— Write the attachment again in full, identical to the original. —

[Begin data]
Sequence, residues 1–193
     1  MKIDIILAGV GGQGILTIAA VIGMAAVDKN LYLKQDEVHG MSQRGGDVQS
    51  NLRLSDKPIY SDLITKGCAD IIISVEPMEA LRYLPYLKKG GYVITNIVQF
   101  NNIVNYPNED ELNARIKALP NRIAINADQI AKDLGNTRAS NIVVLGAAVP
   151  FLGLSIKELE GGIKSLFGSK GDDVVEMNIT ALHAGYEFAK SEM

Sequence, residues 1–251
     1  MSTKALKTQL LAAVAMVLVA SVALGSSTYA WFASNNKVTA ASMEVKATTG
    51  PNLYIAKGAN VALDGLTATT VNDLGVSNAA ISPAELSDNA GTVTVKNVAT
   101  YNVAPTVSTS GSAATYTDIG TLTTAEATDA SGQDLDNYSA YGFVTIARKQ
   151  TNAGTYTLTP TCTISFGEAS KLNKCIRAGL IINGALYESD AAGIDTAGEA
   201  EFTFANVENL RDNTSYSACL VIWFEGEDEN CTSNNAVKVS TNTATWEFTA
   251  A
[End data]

Sequence, residues 1–193
     1  MKIDIILAGV GGQGILTIAA VIGMAAVDKN LYLKQDEVHG MSQRGGDVQS
    51  NLRLSDKPIY SDLITKGCAD IIISVEPMEA LRYLPYLKKG GYVITNIVQF
   101  NNIVNYPNED ELNARIKALP NRIAINADQI AKDLGNTRAS NIVVLGAAVP
   151  FLGLSIKELE GGIKSLFGSK GDDVVEMNIT ALHAGYEFAK SEM

Sequence, residues 1–251
     1  MSTKALKTQL LAAVAMVLVA SVALGSSTYA WFASNNKVTA ASMEVKATTG
    51  PNLYIAKGAN VALDGLTATT VNDLGVSNAA ISPAELSDNA GTVTVKNVAT
   101  YNVAPTVSTS GSAATYTDIG TLTTAEATDA SGQDLDNYSA YGFVTIARKQ
   151  TNAGTYTLTP TCTISFGEAS KLNKCIRAGL IINGALYESD AAGIDTAGEA
   201  EFTFANVENL RDNTSYSACL VIWFEGEDEN CTSNNAVKVS TNTATWEFTA
   251  A